Thirteen years have passed since the tragic events of 9/11. The aftermath of the World Trade Center’s destruction drastically changed my day-to-day life in Washington, D.C., where I was living in 2001 and working at a veterinary hospital in close proximity to the Pentagon.
I’ll never forget seeing the armed police guards constantly posted at my Metro stop, getting swabbed for Anthrax (Bacillus anthracis bacteria) after setting foot in my local post office, enduring countless Code Red (i.e., severe) Homeland Security Advisor System warnings to tape my windows shut, and witnessing the massive hole bored deep into the seemingly impenetrable walls of the Pentagon during my drive to work.
Although I didn’t directly suffer any personal loss in the 9/11 crisis, my life was changed forever. Los Angeles is my home now, but I still have family, friends, and professional connections on the East Coast. Being a 1999 graduate of the School of Veterinary Medicine at the University of Pennsylvania, I always keep close tabs on the exciting events, research, and other vet-centric endeavors being conducted by my alma mater.
2012’s opening of the Penn Vet Working Dog Center (PVWDC) enthused me to to learn how the next generations of service dogs will be raised, studied, and trained to serve the betterment of society (see: Commemorating the 11th Anniversary of 9/11: Penn Vet Working Dog Center Holds its Grand Opening).
Dr. Cindy Otto, DVM, PhD, Dipl ACVECC, was part of the response team on site that scavenged the Wold Trade Center rubble for survivors and conceived the PVWDC concept. Dr. Otto started evaluating the behavior and health of Urban Search and Rescue canines shortly after 9/11, which motivated her to create the PVWDC as a “space specifically designed for the study of search-and-rescue dogs, and the training of future working dogs” which:
- serves as a consortium to unite programs that employ detection dogs to benefit society throughout the U.S. and around the world.
- collects and analyzes genetic, behavioral, and physical data, and integrates the latest scientific information in order to optimize the success and well-being of detection dogs.
- prepares for future demands and facilitates research by developing a detection dog breeding/training program that will implement, test, and disseminate the knowledge gained.
PVWDC puppies have a normal home life with foster families and spend their days training on-site at the PVWDC. This formula greatly benefits working dog development; as Dr. Otto says, “it gives the puppies the best of both worlds. They get to live with families and learn how to adapt to that kind of lifestyle, which will be the way they will live when they’re working and living with their handlers.”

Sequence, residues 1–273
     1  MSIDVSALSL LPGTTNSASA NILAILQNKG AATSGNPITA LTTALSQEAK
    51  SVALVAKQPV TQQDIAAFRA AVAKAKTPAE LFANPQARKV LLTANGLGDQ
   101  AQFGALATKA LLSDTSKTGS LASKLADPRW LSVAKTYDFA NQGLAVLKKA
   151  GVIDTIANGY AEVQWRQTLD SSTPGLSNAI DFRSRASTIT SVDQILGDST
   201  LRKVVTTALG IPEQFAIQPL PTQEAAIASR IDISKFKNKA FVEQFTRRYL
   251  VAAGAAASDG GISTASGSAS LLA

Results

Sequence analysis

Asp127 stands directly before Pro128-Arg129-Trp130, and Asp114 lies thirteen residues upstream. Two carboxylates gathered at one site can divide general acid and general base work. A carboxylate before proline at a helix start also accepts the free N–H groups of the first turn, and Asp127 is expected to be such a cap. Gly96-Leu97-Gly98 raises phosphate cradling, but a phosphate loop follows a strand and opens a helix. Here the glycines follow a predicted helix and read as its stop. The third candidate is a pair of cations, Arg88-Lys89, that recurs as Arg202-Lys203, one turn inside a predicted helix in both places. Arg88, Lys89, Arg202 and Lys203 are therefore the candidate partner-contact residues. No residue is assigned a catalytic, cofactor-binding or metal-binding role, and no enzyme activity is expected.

During Thanksgiving 2013 I finally was able to join Dr. Otto in Philadelphia for an intriguing tour of the PVWDC. The highlight of my visit was the opportunity to witness the rigorous and methodical process the dogs go through as part of their training.
I watched three agile and dedicated Labrador Retrievers maximizing their sensory acuity in discovering PVWDC staff hidden in closets, rooms, and ceilings in a vacant University of Pennsylvania building replicating the environment of a real search and rescue operation. The action was heart pounding and I felt like I was part of a military operation.
One of the most astounding aspects was these dogs’ ability to ignore stimuli besides their target, as the PVWC staff and I were repeatedly disregarded during the training runs.
As you'll see in the following YouTube video, Penn Vet Working Dog Center Canine Search and Rescue Training, these dogs are remarkably skilled at their jobs. The novice-level dogs may take longer or make more mistakes than their more experienced counterparts, but doing so is just part of their learning curve.
I’m proud to be a graduate of the School of Veterinary Medicine at the University of Pennsylvania and look forward to hearing about the good works of the dogs trained by Dr. Otto and the PVWDC.
Outdoor training area at the PennVet Working Dog Center — it was a rainy day in November, so there were no dogs training outside that day.
Dr. Patrick Mahaney